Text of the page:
Trans fats: This occurs in some fried and processed foods.
Excess weight can also lead to higher blood LDL levels.
Other conditions that can lead to high cholesterol levels, include: diabetes (another lifestyle disease), liver or kidney disease, polycystic ovary syndrome and steroids.
If your diet is high in fibre and you eat mainly fresh fruit and plants, plant sterols will lower your cholesterol. Physical activity will also make you maintain or lose weight. Exercising for an hour a day raises the heart rate, helps with keeping a healthy weight, and reduces LDL cholesterol levels while increasing HDL cholesterol levels.
Researchers of the Department of Preventive Medicine at Northwestern University Feinberg School of Medicine, Chicago and published in Journal for the American Medical Association, JAMA, examined data from six study groups of more than 29,000 people followed for 17½ years. At the start, participants filled in questionnaires detailing the foods they ate. Over the follow-up period, a total of 5,400 cardiovascular events occurred, including 1,302 fatal and nonfatal strokes, 1,897 incidents of fatal and nonfatal heart failure and 113 other heart disease deaths. An additional 6,132 participants died of other causes.
When they analyzed the data, the researchers found an association between egg consumption as reported at the start of the study and participants’ risk of developing cardiovascular disease. As their egg consumption rose, so did their risk. An egg has 155 calories and 11gms total fat. Each egg has 186 milligrams of cholesterol, which is 124% of what you should be eating per day and sodium 124 mg - more cholesterol than a fast-food double cheeseburger.
Three or more eggs a week was associated with a 3.2% higher risk of heart disease and a 4.4% higher risk of early death. Each additional half an egg consumed per day was associated with a 6-8% higher risk of cardiovascular disease and higher risk of early death due to any cause.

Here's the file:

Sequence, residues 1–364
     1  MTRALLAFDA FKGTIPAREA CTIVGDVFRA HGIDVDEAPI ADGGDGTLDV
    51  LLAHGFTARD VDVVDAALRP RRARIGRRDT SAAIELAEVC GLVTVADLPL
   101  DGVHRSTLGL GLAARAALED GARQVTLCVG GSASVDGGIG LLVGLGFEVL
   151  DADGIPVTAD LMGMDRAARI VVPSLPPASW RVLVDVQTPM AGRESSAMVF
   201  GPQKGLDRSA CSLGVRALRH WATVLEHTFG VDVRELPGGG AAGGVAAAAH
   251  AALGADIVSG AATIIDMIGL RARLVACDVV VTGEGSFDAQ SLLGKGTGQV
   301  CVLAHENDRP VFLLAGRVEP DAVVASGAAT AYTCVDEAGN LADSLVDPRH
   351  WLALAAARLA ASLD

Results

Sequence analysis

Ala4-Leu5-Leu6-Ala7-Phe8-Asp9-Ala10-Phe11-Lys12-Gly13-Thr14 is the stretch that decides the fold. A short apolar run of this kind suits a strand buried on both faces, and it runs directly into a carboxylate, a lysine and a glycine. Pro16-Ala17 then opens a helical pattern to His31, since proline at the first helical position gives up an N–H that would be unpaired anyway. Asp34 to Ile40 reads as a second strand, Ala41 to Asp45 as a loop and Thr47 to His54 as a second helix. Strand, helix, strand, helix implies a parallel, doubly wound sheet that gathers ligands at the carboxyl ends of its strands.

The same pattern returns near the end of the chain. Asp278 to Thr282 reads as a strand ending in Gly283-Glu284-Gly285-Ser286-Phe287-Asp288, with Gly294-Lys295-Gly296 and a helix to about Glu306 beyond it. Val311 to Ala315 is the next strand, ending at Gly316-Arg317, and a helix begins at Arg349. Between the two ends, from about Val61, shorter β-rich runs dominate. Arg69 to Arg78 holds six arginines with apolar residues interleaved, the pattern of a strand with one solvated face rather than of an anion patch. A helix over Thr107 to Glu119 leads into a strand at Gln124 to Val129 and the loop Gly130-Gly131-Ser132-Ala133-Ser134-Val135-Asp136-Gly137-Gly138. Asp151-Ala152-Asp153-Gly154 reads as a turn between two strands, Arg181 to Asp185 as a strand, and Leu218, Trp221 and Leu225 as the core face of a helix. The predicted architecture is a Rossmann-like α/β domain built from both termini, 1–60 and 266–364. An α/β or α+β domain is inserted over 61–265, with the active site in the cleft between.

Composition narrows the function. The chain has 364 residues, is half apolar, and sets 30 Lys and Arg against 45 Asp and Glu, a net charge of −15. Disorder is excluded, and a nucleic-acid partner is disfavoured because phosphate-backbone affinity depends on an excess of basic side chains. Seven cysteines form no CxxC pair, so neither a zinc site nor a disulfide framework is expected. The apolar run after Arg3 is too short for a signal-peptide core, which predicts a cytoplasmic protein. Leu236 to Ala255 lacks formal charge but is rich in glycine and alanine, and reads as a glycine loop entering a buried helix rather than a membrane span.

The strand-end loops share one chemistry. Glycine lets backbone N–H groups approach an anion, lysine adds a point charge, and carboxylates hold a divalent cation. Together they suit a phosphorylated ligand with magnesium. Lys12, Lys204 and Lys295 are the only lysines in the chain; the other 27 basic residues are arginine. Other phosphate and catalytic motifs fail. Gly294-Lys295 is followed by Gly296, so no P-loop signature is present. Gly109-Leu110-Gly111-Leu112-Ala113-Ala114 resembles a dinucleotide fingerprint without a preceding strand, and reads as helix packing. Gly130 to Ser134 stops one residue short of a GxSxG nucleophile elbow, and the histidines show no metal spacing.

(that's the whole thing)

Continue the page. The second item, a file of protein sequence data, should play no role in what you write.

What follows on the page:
The researchers factored in every other unhealthy behaviour, such as low physical activity, smoking and an unhealthy diet full of processed food and saturated fats.
Dr. Robert H. Eckel, of University of Colorado School of Medicine, wrote that the new report "is far more comprehensive, with enough data to make a strong statement that eggs and overall dietary cholesterol intake remain important in affecting the risk of cardiovascular disease, and more so the risk of all-cause mortality."
"Considering the negative consequences of egg consumption and dietary cholesterol in the setting of heart-healthy dietary patterns, the importance of limiting intake of cholesterol-rich foods should not be dismissed," he concluded. According to industry data, the world will eat more eggs in 2019 than any time for the past 20 years.
Are eggs eaten alone? The food they are eaten with is as terrible for the body - white bread, butter, salt, and/or processed meats like bacon or sausages.
How many eggs a week is safe? None.
The more eggs a person eats, the more those risks increase. People in the study, who averaged an everyday, saw their risk of a heart-related event, such as a heart attack or stroke, increase by 12% compared to someone who didn’t eat eggs. Those who averaged two eggs every day had a 24% increased risk of heart-related events.
Researchers saw similarly increased risks for people who ate processed and unprocessed red meat.
Those associations held even when researchers looked at the overall quality of a person’s diet. Those who included eggs as part of a healthy diet didn’t have lower risks compared to those who ate eggs along with less nutritious foods.
It follows a 2018 study that looked at the evidence collected from 28 studies that had people eat eggs as an experiment and then looked at changes to their blood lipids. The study found eating eggs boosted total cholesterol by about 5 points compared to people who were on diets that didn’t include eggs. Most of that increase came from an increase in LDL, or “bad” cholesterol.